Sunday, 28 February 2010

Sunday 28th February 2010, Second of Lent Genesis 15.1-12, 17-18 Luke 13.31-35

Each week I read through the set lectionary readings for Sunday, and see which ones ‘speak’ to me before deciding which ones to preach on. And the Old Testament reading today made me sit up and wonder whether I was up to tackling it. So here goes…

This passage from Genesis is one of the classic blood & gore ceremonies of the ancient world. They probably still take place in some parts of the world, but here, in the UK in the 21st century it all seems rather messy, cutting animal carcasses in half and laying the parts out on the ground.

What was all that about?

Let’s put this episode into the context of Abram’s life so far.

(And so far, he was still Abram; the issue of circumcision was still in the future, and that was when God changed Abram’s name to Abraham.)

This is the thing: Abram was the one chosen by God, and he was also the one who listened when God spoke to him. Ten generations previously, Noah had been alone in listening to God, and now only Abram was listening. And, like Noah, not just listening, but obeying.

He was married to Sarai and the two had followed a journey as God had revealed it to Abram.

They had travelled to Canaan, and to Egypt, and from one end to the other of the country we call Israel or Palestine, all because the Lord spoke to Abram and told him to go there.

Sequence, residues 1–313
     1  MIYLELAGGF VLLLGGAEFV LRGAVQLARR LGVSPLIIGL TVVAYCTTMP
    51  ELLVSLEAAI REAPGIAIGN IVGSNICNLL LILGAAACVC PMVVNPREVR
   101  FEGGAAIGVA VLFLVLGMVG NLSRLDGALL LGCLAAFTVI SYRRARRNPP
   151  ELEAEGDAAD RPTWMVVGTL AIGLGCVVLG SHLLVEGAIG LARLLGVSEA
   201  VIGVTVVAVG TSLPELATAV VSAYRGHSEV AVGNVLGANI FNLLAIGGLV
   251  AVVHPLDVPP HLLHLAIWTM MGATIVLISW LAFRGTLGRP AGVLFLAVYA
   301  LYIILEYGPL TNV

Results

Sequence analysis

And during all the years of their travelling both Abram and Sarai longed for a child, a son, and there was none.

Abram had doubts. God had promised him a son, an heir. Having no son, in his culture, was like a sentence to eternal death.

Eternal life, in the ancient Hebrew culture, was through a man’s children, and specifically through sons. They would carry on his line. Sons represented the future, a continuation of himself.

Abram was honest about his doubts. And he told God about how he felt. In fact he had a real whinge. He didn’t pretend to believe in the face of his real doubts; he told it to the Lord like he felt it. “O Lord God, what will you give me? … You have given me no offspring…”

And yet, when the Lord shows him the stars in the sky and tells him his descendants will be as numerous as those stars, Abram believes. He really believes. And the Lord, who knows all the secrets of Abram’s heart, knows he believes, and “the Lord reckoned it to him as righteousness.”

At this point in Abram’s journey he has just had an encounter with Melchizedek, the priest and king, who had wanted to honour Abram, but Abram had scrupulously avoided taking anything from him, because he served God only. He could have taken advantage of the situation and profited from the priest-king, but the spiritual power of Melchizedek had impressed Abram, and they treated each other with due respect.